TetraVue, a company setting out to arm autonomous cars with ultra high-resolution 3D image-capturing smarts, announced it has raised $10 million from Robert Bosch Venture Capital, Nautilus Venture Partners, Samsung Catalyst Fund, and Foxconn.
Founded out of Carlsbad, California in 2008, TetraVue has been developing what it calls “an entirely new approach” to flash LIDAR technology — a method of surveying the environment using laser-powered light. The company has made a solid-state (no moving parts) 3D camera prototype that it plans to miniaturize and commercialize across the burgeoning self-driving car industry.
For cars to maneuver through traffic at high speeds and avoid collisions, the vehicles must be able to “see” and understand the conditions around them — something that becomes all the more challenging when you factor in poor lighting and bad weather conditions. This is why quality cameras capable of processing detailed imagery at speed and distances is key if the autonomous car industry is to properly take off. Put simply, cars will need eyes and brains.
BMW and Intel recently committed to testing 40 self-driving cars on U.S. and European roads in 2017, and for the endeavor they’ve enlisted Mobileye, an Israeli computer vision company specializing in building driverless car technology. Elsewhere, Intel recently acquired computer vision startup Itseez as it looks to double down on its automotive efforts, while deep learning startup Neurala raised $14 million to help build brains for drones and autonomous cars through a software development kit (SDK) that lets developers access out-of-the-box knowledge to integrate into their products.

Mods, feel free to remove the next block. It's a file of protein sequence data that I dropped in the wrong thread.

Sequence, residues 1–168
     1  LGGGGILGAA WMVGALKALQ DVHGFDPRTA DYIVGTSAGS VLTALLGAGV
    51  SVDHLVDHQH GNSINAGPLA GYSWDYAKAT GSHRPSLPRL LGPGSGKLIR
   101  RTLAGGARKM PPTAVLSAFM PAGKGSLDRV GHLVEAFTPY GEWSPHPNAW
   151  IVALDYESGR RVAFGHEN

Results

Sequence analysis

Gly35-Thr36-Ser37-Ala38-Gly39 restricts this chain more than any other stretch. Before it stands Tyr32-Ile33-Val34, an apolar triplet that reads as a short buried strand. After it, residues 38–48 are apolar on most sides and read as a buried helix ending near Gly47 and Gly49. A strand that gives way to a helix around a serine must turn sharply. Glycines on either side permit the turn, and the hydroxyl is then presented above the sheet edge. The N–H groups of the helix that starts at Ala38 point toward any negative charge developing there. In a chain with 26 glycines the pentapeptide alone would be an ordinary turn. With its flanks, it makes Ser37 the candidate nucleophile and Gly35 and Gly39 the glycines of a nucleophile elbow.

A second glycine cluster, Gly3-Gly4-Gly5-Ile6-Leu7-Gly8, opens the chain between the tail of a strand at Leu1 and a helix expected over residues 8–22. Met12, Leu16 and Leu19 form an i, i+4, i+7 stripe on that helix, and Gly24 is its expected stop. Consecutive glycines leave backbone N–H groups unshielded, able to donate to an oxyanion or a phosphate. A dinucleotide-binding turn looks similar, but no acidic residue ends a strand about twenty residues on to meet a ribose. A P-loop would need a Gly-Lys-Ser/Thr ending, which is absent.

TetraVue says that its technology is capable of taking 2 million or more simultaneous distance measurements of ranges exceeding 200 meters “in any weather conditions,” according to a company statement. As with standard LIDAR technologies, it’s not limited to the automotive industry either — TetraVue says that it anticipates its 3D camera being used in other industries, including enterprise-level mapping and augmented reality (AR).
The Series A round announced this week represents the company’s first known outside VC funding, and TetraVue says the money will be used to help bring its camera technology to market as it strives to lead in what it calls the “vision for things (VfT)” realm. In other words, it wants to play a prominent role in connected devices’ ability to visualize their environment. Its partnerships will include car manufacturers, AI software developers, and other hardware makers seeking high-definition imagery that helps machines distinguish between objects in the environment.
“TetraVue’s LIDAR gives cars perfect vision and allows them to make better decisions,” said Connie Sheng, founding managing director at Nautilus Venture Partners. “Imagine a car being able to instantly determine if a black spot is a rock or a plastic bag.”
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